Eviction cases back on hold until Sept. 7
The Virginia Supreme Court recently approved extending the moratorium on evictions — preventing courts from issuing writs of eviction to tenants who have struggled to pay rent due to the coronavirus pandemic.
The moratorium, effective Monday, Aug. 10, will be extended until Monday, Sept. 7, according to the Virginia Supreme Court decision issued Friday, Aug. 7.
The extension comes shortly after courts in Prince Edward, Cumberland and Buckingham resumed hearing eviction cases in the area.
Area nonprofits are providing support for families and are offering resources before eviction cases go to court.
According to the Virginia Supreme Court decision, while writs of evictions are suspended if the cause is related to rent payment, the moratorium does not apply for unlawful detainer cases unrelated to struggles to pay rent.
General district courts in the Heart of Virginia had recently resumed hearing eviction cases after a temporary pause on hearing and enforcing eviction cases as a result of the coronavirus pandemic.
Buckingham County Clerk of General District Court, Dana Lynn Franklin, said in a Tuesday, Aug. 4 interview that the county court started to hear eviction cases in court Friday, July 31. This was before the moratorium extension was approved by the Virginia Supreme Court a week later.
Franklin said the court considered a total of seven cases on July 31 related to unlawful detainers.
Unlawful detainer is the term for an eviction lawsuit.
Franklin said of the seven cases, five cases were dismissed. However, in two of the seven cases, the landlords were granted possession of the properties.
Franklin estimated that the last unlawful detainer case the court considered was before the pandemic began.
The Cumberland Clerk of General District Court, Jennifer May Clayton, said in a Tuesday, Aug. 11 interview that the court started hearing unlawful detainer cases on Thursday, July 30. Clayton said the court heard seven unlawful detainer cases. Of the seven cases, one case was moved to another date, four were dismissed, and in two cases, landlords were granted possession. For two of the cases, there were different plaintiffs, but the same defendant.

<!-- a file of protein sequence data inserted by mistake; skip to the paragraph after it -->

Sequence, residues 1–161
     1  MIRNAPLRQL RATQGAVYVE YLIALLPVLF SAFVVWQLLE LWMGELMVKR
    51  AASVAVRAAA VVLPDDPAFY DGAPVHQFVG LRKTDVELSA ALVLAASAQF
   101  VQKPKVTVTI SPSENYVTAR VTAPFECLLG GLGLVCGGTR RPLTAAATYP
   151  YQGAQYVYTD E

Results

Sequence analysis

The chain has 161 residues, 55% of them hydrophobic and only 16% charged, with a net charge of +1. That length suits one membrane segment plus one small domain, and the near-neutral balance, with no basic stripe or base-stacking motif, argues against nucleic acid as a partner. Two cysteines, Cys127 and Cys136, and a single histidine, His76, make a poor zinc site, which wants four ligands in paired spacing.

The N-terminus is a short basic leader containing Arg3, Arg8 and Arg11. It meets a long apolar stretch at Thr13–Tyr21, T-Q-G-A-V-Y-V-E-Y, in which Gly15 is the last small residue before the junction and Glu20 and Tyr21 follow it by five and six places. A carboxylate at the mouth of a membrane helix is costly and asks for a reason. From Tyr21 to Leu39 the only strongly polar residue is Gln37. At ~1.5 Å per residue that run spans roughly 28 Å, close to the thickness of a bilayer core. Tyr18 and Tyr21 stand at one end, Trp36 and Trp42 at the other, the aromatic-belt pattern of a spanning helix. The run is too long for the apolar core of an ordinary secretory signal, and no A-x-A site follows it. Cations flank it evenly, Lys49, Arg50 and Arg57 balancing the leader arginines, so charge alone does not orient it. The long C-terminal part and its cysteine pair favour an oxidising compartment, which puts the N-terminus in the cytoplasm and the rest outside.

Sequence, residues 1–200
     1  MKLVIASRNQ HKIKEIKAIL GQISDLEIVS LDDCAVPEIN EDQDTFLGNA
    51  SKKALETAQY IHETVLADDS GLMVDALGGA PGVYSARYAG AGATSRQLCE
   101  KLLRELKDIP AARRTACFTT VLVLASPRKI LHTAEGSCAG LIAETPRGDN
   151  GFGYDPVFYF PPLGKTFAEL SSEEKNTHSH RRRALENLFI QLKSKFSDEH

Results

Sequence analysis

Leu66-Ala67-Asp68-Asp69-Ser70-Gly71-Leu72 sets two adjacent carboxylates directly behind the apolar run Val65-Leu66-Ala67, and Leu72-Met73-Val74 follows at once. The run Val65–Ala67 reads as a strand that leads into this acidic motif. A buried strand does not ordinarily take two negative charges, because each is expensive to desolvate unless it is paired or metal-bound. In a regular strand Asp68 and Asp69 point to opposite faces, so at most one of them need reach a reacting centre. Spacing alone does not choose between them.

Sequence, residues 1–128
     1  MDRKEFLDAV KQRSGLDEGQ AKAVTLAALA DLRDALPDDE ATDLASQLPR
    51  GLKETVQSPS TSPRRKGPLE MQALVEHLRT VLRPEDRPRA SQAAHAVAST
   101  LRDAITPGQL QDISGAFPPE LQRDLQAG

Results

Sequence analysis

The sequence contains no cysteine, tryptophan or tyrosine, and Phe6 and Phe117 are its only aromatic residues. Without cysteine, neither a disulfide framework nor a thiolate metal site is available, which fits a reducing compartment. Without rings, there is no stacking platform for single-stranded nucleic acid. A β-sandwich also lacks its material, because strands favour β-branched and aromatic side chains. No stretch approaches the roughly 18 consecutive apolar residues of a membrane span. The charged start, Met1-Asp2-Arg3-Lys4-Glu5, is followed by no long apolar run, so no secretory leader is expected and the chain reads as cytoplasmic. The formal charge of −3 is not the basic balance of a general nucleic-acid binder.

In Prince Edward, Clerk of General District Court Danielle W. Bagley said in a Tuesday interview that the court resumed hearing unlawful detainer cases in July, though estimated the court only heard a few cases.
“If the unlawful detainer is claiming there is rent owed, and the landlord wishes to obtain the past due rent as a part of the judgment, then a writ of possession cannot be issued,” Bagley said. “If the landlord only wants possession back, without pursuing any money, then a writ can be issued.”
Major David Wilmoth of the Prince Edward County Sheriff’s Office said the court issues writs of eviction, and the sheriff’s office executes them. Wilmoth estimated that the sheriff’s office has executed 36 writs of eviction in the county since January 1. He said the sheriff’s office did not execute writs in May, June or July, and only one the first week in August.
Wilmoth said residents can make a motion to the General District Court to stay, or temporarily halt, an eviction execution.
Area organizations are providing resources for families and landlords navigating rental payments during the pandemic.
Christin Jackson of STEPS said the organization has received requests from tenants who need assistance or who may be in danger of an eviction lawsuit.
Jackson said STEPS negotiates with tenants and landlords to come to an agreement before a case goes to court.
STEPS has supported tenants in the area through the Virginia Rental and Mortgage Relief Program (RMRP), which went into effect June 29.
Jackson said STEPS has helped prevent 33 families from being evicted since July 1 while serving people from Amelia, Buckingham, Cumberland, Lunenburg, Nottoway and Prince Edward counties.
To learn more about the RMRP, visit steps-inc.org or call (434) 315-5909, ext. 215.
To learn more about tenant rights, visit the Virginia Legal Aid Society website at vlas.org or call the Farmville office at (434) 392-8108.
A collection of resources for individuals and families during the pandemic is available at farmvillecares.org.